The starting point


Four things that will help you work with your celebrant to successfully design a wedding ceremony that is both predictable and not predictable, for your guests, and for you.
  • A clear understanding of what you don't want, what you would feel uncomfortable with or about. This will make the process of deciding what to include much easier.
  • A celebrant who not only understands all the elements that make up the "usual" wedding ceremony, but also has the knowledge and the confidence to tweak, delete, and innovate in a way that reflects who you are without making the ceremony all about the celebrant
  • The confidence (boosted by your celebrant) to be true to yourselves
  • Teamwork

The secret


The secret to designing a ceremony that is both predictable and not predictable is blindingly simple. It is something that works brilliantly, as the advertising industry has demonstrated time and again.  All you have to do is to come up with an incredibly obvious idea that no-one has ever done before! Generally speaking, how the advertising industry does that is to look for the unconscious bias their target market may harbour, and turn it on its head. The industry knows that it will work because it is blindingly obvious. Together we will explore all the assumptions you might have about weddings and go from there.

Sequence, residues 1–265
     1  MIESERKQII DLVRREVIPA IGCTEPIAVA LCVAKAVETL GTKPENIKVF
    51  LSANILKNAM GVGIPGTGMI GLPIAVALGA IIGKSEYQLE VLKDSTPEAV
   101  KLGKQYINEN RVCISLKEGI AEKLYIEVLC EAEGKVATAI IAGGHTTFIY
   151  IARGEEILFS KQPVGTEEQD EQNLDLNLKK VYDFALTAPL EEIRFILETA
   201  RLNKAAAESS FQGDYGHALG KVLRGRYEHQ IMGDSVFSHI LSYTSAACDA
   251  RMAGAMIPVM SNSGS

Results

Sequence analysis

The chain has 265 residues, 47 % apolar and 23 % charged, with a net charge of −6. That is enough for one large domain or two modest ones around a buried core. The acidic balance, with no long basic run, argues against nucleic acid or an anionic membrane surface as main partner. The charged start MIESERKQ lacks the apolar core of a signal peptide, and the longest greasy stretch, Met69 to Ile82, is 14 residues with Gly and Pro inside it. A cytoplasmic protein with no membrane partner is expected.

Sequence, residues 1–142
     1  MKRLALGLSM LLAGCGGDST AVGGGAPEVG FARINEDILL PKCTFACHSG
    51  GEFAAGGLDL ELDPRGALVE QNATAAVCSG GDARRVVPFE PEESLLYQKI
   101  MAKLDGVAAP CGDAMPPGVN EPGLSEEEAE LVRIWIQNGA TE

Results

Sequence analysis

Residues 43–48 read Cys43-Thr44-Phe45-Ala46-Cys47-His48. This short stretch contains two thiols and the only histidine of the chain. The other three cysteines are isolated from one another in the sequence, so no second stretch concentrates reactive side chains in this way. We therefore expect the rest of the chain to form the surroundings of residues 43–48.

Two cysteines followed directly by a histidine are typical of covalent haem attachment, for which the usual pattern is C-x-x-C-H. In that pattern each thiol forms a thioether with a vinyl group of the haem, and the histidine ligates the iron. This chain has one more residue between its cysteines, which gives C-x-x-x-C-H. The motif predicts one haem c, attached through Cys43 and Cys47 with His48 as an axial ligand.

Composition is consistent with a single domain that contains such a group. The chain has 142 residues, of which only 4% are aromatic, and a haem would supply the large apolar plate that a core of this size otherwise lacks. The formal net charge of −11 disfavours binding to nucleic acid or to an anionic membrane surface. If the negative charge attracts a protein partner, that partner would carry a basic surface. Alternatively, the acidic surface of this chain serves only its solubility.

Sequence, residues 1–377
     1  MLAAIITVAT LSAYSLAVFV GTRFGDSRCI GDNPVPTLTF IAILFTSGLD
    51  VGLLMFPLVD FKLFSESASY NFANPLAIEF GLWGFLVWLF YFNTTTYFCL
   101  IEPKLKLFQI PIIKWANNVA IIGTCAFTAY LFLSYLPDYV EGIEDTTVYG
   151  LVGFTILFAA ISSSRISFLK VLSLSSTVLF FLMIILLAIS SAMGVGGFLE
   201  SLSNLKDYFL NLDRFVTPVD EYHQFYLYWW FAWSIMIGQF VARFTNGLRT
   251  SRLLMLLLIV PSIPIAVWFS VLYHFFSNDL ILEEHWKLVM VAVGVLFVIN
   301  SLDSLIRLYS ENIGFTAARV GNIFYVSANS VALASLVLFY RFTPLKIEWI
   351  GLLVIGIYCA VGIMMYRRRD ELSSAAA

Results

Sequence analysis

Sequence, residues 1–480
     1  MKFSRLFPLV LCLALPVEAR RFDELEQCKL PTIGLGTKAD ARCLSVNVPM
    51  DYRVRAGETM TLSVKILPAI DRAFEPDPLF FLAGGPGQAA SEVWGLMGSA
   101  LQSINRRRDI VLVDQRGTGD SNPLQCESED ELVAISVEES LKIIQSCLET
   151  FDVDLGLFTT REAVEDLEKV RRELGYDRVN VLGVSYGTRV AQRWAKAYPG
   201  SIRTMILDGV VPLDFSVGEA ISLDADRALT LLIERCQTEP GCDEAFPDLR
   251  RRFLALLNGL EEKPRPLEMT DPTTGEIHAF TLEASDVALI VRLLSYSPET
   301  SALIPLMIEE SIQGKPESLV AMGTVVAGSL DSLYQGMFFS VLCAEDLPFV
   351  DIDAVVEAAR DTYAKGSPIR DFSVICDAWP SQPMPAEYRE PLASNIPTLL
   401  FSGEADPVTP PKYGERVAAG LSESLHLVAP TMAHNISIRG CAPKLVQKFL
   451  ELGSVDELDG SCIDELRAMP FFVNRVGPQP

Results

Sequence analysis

In wedding terms,  coming up with the blindingly obvious that none of your guests will have experienced before, requires "rethinking" the predictable elements of your ceremony. This is something I've been working with marrying couples for their weddings for many years. So I know, for sure, that it works. And, as in advertising, it works precisely because it is incredibly obvious.

Let me give you some examples around the entrance of the bride. While traditionally the bride walks down the aisle with her father, walking down the aisle with both your parents is an incredibly obvious variation. So the first time a non-Jewish bride walked down the aisle with both her mother and father, the guests would have been surprised, but comfortable. In Europe, the couple tends to walk in together. In Australia, that really didn't happen until male same-sex couples started planning their own ceremonies. The first time anyone did it, it made total sense to everyone.

Apply that sort of thinking to every predictable element of your ceremony, and you'll see how easy it is to make the magic of simultaneous predictability and novelty happen.  It starts with the planning and the script. It happens on the day as a result of the script I develop for you after lots of discussion. My job as part of our team of three.

Thanks for reading!

Jenny xxx Let's talk
                      soon about how you can have the best ceremony
                      ever